City/Thriving Areas VS. Rural South
As stated before, the plight of slave life was sometimes very dependent on the location that the slaves lived. Even if they did land in South America, did not always equate to a better life. In more rural areas of southern Brazil, slaves underwent the same treatment of slaves in the Deep South of the Free states in North America. An immense driving force of this differentiation was the thriving economies. In the Deep South, plantations were trying to compete and stay ahead of the industrialization of the North so they were also under more scrutiny and frustration. In the North, there were far more stories of emancipation and slaves that were turned into close companions and mentors. The North also differed from the South because they didn’t want to expand their economies based on slavery; it wasn’t so much based in morality, but it was a shift toward advancing industrialization and straying away from free labor to deter in the inevitability of a revolt. The South would breed their slaves and continued the slave trade to expand their labor force because there was a need for it on tobacco farms that didn’t require as big of a labor force as the cotton mills in the south.
Slaves on a British plantation in the French Indies working diligently while being supervised by a man with a whip. http://hitchcock.itc.virginia.edu/Slavery/details.php?categorynum=7&categoryName=New%20World%20Agriculture%20and%20Plantation%20Labor&theRecord=13&recordCount=114
Slaves preparing to show their masters their work for the day and seeing if they met their quota. http://hitchcock.itc.virginia.edu/Slavery/details.php?categorynum=7&categoryName=New%20World%20Agriculture%20and%20Plantation%20Labor&theRecord=42&recordCount=114
Life Expectancy and Emancipation
One of the greatest factors in comparing the slave lives between North and South American slave is the quality of life pertaining to mortality and emancipation. Latin Americans clearly outnumbered the North Americans pertaining to the influx of slaves they received. However by the mortality rate was so high that they had less amount of slaves 50 years later. The ideal in Brazil and the West Indies was “a slave’s life expectancy was a few years at most and when each slave could easily be replaced, there was little incentive to improve conditions or limit hours of work” (Davis 233). So although they may have been more lenient slave owners in Latin America, their regard for life expectancy was nonexistent. Because of science, technology, and more advanced medicine practices, the slaves in Anglo America were able to withstand the spread of epidemic diseases that was a huge contributing factor to the mortality rate of Latin American slaves. Also where slaves were condemned as an inferior species, they also had allies of abolitionists in the Northern colonial states working to liberate them from the wrath of slavery. The slaves were at the mercy of the outcome of the Civil War, and were vindicated with the victory of the North and Abraham Lincoln’s Emancipation Proclamation in 1865. Congress quickly passed acts that “defined rebels as traitors, ordered the confiscation of their property, including slaves, and declared 60 days after passage of the bill, slaves of the rebels ‘shall be deemed captives of war and shall be forever free” (Davis 313). Latin American slaves did not have a war to fight for the freedom of their slaves, but they eventually had to follow suit of the competing world powers but it gradually through the span of 30 years later. Coincidentally, the shift away from slavery brought more mobility and technological advances and forced the economy to proper through ingenuity and resources rather than the mercy of human lives. This shift brought permanent prosperity to the United States who remain a worldly, economic power while countries in Latin America are still impoverished and stuck in the second and third worlds.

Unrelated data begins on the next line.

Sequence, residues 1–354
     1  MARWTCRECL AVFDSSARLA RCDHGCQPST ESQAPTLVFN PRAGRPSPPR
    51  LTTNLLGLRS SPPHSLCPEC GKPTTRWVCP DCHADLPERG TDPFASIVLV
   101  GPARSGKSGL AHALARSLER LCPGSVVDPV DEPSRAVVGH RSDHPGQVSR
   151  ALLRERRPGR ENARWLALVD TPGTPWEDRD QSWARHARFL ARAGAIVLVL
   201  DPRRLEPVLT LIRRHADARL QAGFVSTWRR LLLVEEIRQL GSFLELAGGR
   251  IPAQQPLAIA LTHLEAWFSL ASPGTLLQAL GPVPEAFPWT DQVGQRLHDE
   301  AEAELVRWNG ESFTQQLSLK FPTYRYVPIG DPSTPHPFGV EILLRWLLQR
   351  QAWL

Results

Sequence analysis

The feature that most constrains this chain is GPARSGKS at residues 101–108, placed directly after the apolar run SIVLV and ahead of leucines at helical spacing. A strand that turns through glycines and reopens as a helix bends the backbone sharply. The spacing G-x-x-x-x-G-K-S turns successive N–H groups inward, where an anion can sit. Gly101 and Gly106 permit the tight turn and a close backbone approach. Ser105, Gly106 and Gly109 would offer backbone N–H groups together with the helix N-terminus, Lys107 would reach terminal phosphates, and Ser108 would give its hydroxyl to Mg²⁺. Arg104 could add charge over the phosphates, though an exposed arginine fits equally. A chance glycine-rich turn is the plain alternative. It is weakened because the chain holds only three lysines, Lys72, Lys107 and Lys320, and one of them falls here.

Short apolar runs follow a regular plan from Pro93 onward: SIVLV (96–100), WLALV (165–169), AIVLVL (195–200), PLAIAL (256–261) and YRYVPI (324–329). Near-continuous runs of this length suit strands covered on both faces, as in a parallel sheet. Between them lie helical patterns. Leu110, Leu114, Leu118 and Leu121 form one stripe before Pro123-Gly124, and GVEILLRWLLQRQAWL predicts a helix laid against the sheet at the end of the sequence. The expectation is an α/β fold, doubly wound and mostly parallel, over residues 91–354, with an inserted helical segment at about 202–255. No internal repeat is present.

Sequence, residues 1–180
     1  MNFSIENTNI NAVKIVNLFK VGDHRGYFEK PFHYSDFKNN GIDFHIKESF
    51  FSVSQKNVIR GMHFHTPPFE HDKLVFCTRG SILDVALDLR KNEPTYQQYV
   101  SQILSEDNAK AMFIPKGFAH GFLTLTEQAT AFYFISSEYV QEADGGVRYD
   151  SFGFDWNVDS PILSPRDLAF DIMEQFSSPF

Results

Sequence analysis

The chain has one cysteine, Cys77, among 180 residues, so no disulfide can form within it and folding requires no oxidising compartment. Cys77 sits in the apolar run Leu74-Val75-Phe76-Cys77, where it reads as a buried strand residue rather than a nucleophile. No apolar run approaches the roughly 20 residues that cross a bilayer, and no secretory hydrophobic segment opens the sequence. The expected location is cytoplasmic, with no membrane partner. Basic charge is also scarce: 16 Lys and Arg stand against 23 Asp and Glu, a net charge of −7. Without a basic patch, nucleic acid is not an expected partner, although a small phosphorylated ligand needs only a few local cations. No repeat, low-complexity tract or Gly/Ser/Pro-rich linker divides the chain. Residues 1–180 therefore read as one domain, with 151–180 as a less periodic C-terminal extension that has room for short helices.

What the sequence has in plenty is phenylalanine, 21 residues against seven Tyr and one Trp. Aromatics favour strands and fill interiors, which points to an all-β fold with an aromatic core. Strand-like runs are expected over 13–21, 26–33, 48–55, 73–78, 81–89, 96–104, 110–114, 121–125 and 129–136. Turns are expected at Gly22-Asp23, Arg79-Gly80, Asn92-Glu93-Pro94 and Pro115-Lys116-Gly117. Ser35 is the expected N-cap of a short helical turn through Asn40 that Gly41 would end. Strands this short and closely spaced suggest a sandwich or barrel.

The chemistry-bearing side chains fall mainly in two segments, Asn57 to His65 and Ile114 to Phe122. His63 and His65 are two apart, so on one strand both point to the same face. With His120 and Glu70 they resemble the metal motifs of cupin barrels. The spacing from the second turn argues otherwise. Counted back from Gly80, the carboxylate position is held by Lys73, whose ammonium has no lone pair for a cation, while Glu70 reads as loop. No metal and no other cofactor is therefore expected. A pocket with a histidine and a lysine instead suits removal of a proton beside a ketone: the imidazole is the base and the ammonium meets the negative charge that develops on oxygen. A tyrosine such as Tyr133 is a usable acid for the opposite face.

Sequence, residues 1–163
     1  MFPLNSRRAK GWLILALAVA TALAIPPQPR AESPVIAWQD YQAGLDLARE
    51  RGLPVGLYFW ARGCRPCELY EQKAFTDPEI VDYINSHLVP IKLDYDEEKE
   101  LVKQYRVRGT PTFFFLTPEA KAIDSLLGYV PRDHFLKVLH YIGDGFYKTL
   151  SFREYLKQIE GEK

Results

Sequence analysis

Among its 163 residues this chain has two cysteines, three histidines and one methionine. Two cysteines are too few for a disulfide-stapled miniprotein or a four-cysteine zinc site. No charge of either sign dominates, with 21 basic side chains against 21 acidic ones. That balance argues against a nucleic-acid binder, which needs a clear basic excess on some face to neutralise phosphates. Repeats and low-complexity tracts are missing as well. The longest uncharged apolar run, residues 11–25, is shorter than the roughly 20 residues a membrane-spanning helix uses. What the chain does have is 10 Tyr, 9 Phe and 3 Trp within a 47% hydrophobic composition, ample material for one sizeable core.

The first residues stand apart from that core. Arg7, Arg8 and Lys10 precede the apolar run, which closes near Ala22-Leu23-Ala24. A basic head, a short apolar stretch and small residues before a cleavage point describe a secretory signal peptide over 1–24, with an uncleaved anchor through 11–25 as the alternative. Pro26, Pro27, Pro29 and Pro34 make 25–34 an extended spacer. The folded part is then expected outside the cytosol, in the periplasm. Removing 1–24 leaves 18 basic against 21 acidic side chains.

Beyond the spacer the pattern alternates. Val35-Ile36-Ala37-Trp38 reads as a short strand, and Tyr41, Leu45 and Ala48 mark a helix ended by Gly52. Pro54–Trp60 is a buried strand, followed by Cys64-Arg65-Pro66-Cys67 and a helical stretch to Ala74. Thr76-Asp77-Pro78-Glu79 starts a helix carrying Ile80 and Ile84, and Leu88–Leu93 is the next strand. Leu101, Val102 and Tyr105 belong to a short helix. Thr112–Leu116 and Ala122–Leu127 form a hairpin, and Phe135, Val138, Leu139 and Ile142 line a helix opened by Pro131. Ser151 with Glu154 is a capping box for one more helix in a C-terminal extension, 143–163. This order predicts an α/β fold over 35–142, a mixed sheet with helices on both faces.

Slaves at the announcement of their emancipation in the District of Columbia. http://hitchcock.itc.virginia.edu/Slavery/details.php?categorynum=17&categoryName=Emancipation%20and%20Post-Slavery%20Life&theRecord=2&recordCount=13
Slaves heading to Brazil during the middle passage, which was a huge contributing factor to the spread of diseases and their high mortality rate. http://hitchcock.itc.virginia.edu/Slavery/details.php?categorynum=5&categoryName=Slave%20Ships%20and%20the%20Atlantic%20Crossing%20(Middle%20Passage)&theRecord=13&recordCount=78
Trying to pinpoint the problem with slavery is a feat that is impossible. Slave life varied amongst different colonies and countries, but the mere fact that a human life was completely stripped away and forced to be another person’s property will always be an evil consequence to the quick fix to economic productivity. Some slaves were able to experience some of the foundations to happiness, i.e., marriage, religion, and leisure, but most slaves experienced a life of endless labor and brutal memories of what they witnessed during their enslavement. The lack of regard for human life was found in all locations of slavery, whether if it ranged from thinking slave lives were disposable to not even acknowledging the slaves were worth of any experiences life had to offer except providing labor. The eventual vindication was inevitable but the consequences of the racial divide created during slavery continued to generate a struggle for black people living in America. One territory of slavery does not outweigh the other because after considering all factors, they all, in different ways, contributed to the suppressing of a human species for their own selfish gains.
Patterson, Orlando. Slavery and Social Death. N.p.: Harvard UP, 1982. Print.
Davis, David Brion. The Problem of Slavery in Western Culture. Ithaca, NY: Cornell UP, 1966. Print.
Johnston Greene, Lorenzo. The Negro in Colonial New England. N.p.: Atheneum, 1969. Print.
"The Faith of Soul and Slavery." TIME 91.16 (1968): 76. Web.